Here we go again, folks. Just like the George W Bush Center I wrote about in an earlier post, another major organization’s I.T. infrastructure has been hacked and a ransom has been paid to hackers to “release” the information. Although all cases of hacking and ransomware are troubling, this one is particularly troubling because hackers were able to gather the personal information of university students. I have a feeling we’re going to see a lot more of this kind of ransomware activity in the coming months. The cat is out of the bag! Organizations are proving that they WILL pay hackers who successfully steal data and hold it for ransom.
Let’s dig into the University of Utah situation a little further, shall we?
I would be a little naive to assume the university made this decision without consulting a massive amount of people including (ahem) I.T. professionals, lawyers, elected officials, etc. Clearly, the University of Utah is trying to cover its bases in case a lawsuit is filed by a student, which could easily turn into a class-action lawsuit. By paying the $450,000 ransom, the university is able to show “proof” that they “fixed” the problem. And, just like the George Bush Center, the University of Utah is probably ready show “proof” of the fix in the form of an official email from the ransom gang saying something like: We promise we deleted all the info! Hugs!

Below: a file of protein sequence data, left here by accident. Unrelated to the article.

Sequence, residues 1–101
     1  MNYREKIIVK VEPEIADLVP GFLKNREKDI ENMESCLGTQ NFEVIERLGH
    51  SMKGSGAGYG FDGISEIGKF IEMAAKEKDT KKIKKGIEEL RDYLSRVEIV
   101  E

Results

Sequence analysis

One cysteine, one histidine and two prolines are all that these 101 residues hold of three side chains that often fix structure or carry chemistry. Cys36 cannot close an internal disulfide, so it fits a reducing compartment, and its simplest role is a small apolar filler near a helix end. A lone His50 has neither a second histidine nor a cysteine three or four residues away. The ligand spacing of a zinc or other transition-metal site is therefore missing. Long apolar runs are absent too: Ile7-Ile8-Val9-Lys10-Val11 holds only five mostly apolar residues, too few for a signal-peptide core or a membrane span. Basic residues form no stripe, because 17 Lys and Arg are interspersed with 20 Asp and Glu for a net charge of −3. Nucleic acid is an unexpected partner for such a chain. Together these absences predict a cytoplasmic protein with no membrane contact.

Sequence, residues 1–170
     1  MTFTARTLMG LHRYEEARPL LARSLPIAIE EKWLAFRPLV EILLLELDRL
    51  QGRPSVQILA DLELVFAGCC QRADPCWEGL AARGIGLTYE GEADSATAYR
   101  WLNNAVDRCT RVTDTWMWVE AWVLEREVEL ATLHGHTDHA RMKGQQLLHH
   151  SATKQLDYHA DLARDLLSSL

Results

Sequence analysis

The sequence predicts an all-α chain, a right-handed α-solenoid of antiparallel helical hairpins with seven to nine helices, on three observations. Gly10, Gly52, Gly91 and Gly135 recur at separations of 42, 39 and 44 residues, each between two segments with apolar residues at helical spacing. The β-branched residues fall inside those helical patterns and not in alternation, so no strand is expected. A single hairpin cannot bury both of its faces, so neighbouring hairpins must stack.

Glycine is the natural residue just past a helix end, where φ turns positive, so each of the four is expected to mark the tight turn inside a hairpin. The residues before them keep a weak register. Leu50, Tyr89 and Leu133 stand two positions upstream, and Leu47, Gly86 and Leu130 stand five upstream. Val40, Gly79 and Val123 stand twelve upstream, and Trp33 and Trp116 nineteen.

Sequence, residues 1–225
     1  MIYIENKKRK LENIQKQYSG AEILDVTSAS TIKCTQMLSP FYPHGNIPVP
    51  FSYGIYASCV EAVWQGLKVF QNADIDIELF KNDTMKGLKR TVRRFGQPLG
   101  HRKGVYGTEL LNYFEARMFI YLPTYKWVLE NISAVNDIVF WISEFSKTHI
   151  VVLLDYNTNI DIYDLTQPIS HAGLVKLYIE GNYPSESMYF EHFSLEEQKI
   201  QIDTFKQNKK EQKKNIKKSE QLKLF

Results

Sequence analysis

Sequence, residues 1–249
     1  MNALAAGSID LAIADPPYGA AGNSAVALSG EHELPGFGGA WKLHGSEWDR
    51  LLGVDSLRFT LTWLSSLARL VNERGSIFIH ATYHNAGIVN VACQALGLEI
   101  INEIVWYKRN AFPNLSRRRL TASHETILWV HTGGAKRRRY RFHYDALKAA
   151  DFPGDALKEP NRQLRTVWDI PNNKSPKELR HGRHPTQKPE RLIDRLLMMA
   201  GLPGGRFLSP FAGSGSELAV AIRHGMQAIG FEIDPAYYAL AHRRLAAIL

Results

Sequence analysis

Here’s what the university said in a statement:
“After careful consideration, the university decided to work with its cyber insurance provider to pay a fee to the ransomware attacker,” the university said today.
“This was done as a proactive and preventive step to ensure information was not released on the internet.
Uh huh . . . what does “released on the internet” exactly mean, anyway? Released on a public-facing website? Released in an email? Released on the darkweb? Released in a printed book for sale on eBay?
You can’t send lawyers knocking on the door
Yes, the University of Utah, probably thinks they’re saving themselves a lot of money from the fallout of an inevitable class-action suit by instead paying nearly half-a-million dollars to put the whole debacle to bed. Unfortunately, they’re wrong. I’m willing to bet the $450,000 I don’t have that the hackers NEVER deleted the info and NEVER intend to do so. Why would they? There’s still money to be made by selling it to other criminals. And when that happens, what is the University of Utah going to do? They certainly can’t send lawyers knocking, because the university doesn’t even know which CONTINENT the hackers are on.
This is getting pathetic.